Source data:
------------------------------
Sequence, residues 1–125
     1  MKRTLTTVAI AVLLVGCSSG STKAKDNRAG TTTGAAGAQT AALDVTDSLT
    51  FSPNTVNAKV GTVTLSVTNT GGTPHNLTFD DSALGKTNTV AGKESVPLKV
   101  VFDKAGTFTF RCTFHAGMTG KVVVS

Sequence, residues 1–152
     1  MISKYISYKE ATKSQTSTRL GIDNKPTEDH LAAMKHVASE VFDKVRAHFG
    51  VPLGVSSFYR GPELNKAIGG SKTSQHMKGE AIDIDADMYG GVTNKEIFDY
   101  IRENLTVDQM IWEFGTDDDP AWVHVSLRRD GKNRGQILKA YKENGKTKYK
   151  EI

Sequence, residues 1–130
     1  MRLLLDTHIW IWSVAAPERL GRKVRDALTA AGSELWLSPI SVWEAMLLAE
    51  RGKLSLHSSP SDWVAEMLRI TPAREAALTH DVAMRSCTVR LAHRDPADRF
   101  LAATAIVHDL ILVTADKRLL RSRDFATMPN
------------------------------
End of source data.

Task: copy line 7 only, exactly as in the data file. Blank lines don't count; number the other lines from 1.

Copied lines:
    51  VPLGVSSFYR GPELNKAIGG SKTSQHMKGE AIDIDADMYG GVTNKEIFDY